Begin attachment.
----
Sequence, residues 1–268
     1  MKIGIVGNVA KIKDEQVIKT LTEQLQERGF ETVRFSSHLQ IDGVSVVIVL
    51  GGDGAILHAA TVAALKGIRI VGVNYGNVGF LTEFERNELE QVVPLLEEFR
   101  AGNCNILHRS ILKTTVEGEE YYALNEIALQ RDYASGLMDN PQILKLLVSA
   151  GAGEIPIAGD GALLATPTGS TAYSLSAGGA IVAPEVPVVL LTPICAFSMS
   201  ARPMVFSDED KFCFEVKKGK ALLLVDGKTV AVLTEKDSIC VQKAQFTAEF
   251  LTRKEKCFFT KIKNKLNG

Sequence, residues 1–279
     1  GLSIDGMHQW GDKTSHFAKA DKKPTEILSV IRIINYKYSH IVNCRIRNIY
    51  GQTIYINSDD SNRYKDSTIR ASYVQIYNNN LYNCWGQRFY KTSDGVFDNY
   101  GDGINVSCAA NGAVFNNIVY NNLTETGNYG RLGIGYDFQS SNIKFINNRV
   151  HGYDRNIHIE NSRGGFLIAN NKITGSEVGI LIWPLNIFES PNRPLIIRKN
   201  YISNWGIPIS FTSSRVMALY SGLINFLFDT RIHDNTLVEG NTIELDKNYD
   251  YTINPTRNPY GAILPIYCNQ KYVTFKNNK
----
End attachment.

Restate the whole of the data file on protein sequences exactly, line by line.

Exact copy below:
Sequence, residues 1–268
     1  MKIGIVGNVA KIKDEQVIKT LTEQLQERGF ETVRFSSHLQ IDGVSVVIVL
    51  GGDGAILHAA TVAALKGIRI VGVNYGNVGF LTEFERNELE QVVPLLEEFR
   101  AGNCNILHRS ILKTTVEGEE YYALNEIALQ RDYASGLMDN PQILKLLVSA
   151  GAGEIPIAGD GALLATPTGS TAYSLSAGGA IVAPEVPVVL LTPICAFSMS
   201  ARPMVFSDED KFCFEVKKGK ALLLVDGKTV AVLTEKDSIC VQKAQFTAEF
   251  LTRKEKCFFT KIKNKLNG

Sequence, residues 1–279
     1  GLSIDGMHQW GDKTSHFAKA DKKPTEILSV IRIINYKYSH IVNCRIRNIY
    51  GQTIYINSDD SNRYKDSTIR ASYVQIYNNN LYNCWGQRFY KTSDGVFDNY
   101  GDGINVSCAA NGAVFNNIVY NNLTETGNYG RLGIGYDFQS SNIKFINNRV
   151  HGYDRNIHIE NSRGGFLIAN NKITGSEVGI LIWPLNIFES PNRPLIIRKN
   201  YISNWGIPIS FTSSRVMALY SGLINFLFDT RIHDNTLVEG NTIELDKNYD
   251  YTINPTRNPY GAILPIYCNQ KYVTFKNNK